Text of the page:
Exosomes contain various molecular constituents, including proteins, nucleic acids, and lipids [36]. According to ExoCarta (, an exosome database, 4563 proteins, 194 lipids, 1639 mRNAs, and 764 miRNAs have been identified in exosomes from multiple organisms [37 38]. Although the exosomal protein composition varies with cell and tissue of origin, most exosomes contain an evolutionary-conserved, common set of protein molecules such as chaperones, subunits of the trimeric G proteins, cytoskeletal proteins, tetraspanin proteins, and other proteins [39,40]. The 2007 hallmark study, which demonstrated that exosomes contain RNA cargo [41] has garnered great interest in understanding the role of exosomes in cell-to-cell interaction leading to an altered expression pattern in recipient cells. That study also revealed the differences in cellular and exosomal mRNA – while for the first time, miRNA content was described, as well as the functionality of the exosomal mRNA cargo [41]. Soon after this discovery, exosomal miRNA, and exosome derived miRNAs were evidenced to be surrogate diagnostic markers for biopsy profiling [42,43].

Many advances have been made in the field of exosome isolation with improving knowledge and emerging novel technologies. To date, several strategies including ultracentrifugation, size-based isolation, precipitation, and affinity-based capture have been utilized to isolate exosomes [44].

Several mechanisms have been hypothesized in describing the interactions of exosomes and recipient cells. Exosomes can bind to cells through receptor–ligand interactions. Alternatively, exosomes can putatively attach or fuse with the target-cell membrane, delivering exosomal surface proteins and perhaps cytoplasm to the recipient cell. Finally, exosomes may also be internalized by the recipient cells via endocytosis [41]. Therefore, more research studies are focused on investigating the role that exosomes may play in cell-to-cell signaling; often hypothesizing that delivery of their RNA cargo molecules will explain biological effects. Accumulating evidence demonstrates that these cellto- cell communications influence both physiological and pathological processes [45-47].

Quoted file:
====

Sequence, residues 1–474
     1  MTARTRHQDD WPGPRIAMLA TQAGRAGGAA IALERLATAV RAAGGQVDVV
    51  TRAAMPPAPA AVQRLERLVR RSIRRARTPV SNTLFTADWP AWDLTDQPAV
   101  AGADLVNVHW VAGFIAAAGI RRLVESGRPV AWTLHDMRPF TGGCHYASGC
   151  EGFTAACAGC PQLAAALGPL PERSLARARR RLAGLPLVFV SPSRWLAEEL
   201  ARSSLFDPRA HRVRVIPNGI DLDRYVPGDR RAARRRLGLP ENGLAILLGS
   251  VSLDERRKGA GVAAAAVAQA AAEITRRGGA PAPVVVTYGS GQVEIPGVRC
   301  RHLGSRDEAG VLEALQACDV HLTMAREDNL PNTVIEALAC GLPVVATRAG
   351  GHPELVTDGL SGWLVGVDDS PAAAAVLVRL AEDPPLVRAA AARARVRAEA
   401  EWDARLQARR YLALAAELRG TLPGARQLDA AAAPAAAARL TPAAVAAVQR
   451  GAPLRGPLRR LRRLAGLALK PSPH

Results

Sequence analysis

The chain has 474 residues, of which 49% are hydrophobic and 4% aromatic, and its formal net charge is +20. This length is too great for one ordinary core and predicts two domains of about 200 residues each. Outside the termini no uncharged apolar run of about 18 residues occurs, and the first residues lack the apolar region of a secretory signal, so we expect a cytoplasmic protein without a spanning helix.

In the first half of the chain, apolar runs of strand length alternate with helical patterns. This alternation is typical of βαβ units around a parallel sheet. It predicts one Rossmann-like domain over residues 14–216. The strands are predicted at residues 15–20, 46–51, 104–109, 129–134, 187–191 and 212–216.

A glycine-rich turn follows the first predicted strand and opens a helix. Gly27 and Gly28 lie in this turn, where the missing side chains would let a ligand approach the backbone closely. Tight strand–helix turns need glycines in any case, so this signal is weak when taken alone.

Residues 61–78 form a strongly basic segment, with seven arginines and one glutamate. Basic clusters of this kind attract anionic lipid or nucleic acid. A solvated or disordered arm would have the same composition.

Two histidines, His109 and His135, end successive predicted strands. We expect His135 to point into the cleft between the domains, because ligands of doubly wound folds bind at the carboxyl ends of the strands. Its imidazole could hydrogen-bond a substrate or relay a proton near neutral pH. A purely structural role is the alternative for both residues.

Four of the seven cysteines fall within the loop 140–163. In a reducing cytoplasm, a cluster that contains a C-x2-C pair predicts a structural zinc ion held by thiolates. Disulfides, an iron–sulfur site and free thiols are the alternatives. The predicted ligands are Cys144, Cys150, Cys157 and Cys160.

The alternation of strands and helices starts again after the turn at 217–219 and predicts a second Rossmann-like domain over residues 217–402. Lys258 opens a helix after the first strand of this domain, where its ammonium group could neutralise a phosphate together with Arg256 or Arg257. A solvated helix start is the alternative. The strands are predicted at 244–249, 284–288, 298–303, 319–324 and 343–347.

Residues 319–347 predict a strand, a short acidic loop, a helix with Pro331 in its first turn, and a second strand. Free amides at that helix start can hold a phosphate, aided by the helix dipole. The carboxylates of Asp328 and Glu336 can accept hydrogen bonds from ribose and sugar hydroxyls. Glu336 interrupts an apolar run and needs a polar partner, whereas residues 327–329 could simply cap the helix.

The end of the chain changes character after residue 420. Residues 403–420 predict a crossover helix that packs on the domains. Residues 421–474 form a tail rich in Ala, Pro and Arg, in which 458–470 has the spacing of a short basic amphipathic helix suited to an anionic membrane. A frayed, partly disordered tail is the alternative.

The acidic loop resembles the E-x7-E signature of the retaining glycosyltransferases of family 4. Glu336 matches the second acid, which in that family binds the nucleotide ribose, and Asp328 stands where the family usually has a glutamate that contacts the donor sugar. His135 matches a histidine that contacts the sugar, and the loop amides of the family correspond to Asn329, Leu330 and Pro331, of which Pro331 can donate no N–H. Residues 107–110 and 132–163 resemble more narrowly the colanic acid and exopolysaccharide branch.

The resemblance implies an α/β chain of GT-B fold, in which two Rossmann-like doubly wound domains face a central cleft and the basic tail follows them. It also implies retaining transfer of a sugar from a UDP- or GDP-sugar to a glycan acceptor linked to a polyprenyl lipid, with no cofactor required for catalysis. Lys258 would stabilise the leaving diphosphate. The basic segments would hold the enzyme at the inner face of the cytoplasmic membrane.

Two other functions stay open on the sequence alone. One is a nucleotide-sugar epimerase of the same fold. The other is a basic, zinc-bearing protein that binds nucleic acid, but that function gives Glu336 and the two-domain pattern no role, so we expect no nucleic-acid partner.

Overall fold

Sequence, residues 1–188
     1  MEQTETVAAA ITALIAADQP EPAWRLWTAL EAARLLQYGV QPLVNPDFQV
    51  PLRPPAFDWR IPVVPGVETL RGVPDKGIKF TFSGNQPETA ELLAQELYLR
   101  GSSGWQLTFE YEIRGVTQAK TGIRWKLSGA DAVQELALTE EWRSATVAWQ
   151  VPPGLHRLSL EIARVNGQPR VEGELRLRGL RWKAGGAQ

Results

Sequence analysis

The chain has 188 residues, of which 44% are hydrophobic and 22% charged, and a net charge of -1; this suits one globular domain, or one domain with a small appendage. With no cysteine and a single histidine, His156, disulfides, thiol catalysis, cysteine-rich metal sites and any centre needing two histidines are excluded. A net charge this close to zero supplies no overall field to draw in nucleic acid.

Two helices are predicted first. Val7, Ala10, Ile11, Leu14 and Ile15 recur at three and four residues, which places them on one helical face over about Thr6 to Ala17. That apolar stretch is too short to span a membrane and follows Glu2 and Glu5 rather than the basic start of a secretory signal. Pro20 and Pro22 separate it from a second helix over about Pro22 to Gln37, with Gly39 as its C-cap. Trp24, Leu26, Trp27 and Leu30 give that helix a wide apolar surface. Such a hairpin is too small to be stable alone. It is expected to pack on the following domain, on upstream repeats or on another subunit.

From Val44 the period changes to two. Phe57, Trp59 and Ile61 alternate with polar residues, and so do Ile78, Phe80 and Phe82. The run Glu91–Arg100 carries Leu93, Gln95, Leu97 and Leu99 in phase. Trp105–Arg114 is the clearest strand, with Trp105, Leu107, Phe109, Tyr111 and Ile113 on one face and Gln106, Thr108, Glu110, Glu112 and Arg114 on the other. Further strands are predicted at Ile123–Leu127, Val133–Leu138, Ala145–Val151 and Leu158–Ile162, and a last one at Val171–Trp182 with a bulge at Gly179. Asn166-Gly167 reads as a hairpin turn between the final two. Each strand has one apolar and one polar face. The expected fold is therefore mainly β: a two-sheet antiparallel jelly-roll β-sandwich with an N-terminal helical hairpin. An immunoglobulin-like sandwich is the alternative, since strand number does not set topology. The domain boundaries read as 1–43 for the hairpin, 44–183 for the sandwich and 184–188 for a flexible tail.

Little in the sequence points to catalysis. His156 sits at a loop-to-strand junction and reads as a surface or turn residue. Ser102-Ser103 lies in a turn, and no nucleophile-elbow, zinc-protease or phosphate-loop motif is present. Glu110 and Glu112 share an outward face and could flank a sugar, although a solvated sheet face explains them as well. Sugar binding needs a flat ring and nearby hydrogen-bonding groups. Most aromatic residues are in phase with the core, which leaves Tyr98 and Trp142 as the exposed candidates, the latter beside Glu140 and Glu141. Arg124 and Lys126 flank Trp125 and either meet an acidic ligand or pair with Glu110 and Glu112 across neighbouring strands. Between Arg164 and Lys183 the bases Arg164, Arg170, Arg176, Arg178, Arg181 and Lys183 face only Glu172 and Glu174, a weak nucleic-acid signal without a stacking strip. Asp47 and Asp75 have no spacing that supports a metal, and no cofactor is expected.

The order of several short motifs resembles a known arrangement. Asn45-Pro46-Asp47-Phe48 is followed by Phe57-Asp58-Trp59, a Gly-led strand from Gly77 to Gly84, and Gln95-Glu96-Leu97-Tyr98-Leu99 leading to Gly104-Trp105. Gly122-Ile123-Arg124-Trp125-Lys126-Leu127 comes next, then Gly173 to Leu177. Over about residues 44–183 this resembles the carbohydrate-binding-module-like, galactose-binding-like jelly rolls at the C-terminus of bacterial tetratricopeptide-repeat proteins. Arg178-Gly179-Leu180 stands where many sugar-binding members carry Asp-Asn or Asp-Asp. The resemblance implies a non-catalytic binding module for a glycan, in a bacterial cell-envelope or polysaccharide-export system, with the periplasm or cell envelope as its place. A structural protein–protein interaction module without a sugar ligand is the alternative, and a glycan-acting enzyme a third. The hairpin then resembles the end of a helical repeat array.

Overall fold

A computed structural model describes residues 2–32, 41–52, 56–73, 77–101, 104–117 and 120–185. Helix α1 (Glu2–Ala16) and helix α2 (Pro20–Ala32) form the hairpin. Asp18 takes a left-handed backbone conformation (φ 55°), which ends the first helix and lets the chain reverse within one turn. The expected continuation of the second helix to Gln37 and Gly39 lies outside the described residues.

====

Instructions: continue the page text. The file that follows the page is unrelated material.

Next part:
Role of miRNAs from cancer cell-derived exosomes: Evidence indicates that both normal and cancer cells communicate via the release and delivery of molecules. These molecules include miRNAs which are packed into exosomes and significantly influence the physiological and pathological conditions of cells [48]. Tumor-derived exosomes can modify normal, healthy cells by altering their translational profile to promote tumor progression. Exosomes are quickly emerging as powerful sources for molecule transfer between cells in the mediation of both beneficial and pathological processes. The oncogenic profiling of miRNA in exosomes varies with cancer type and exhibits a variety of functions depending on the recipient cell [49-51] (Table1).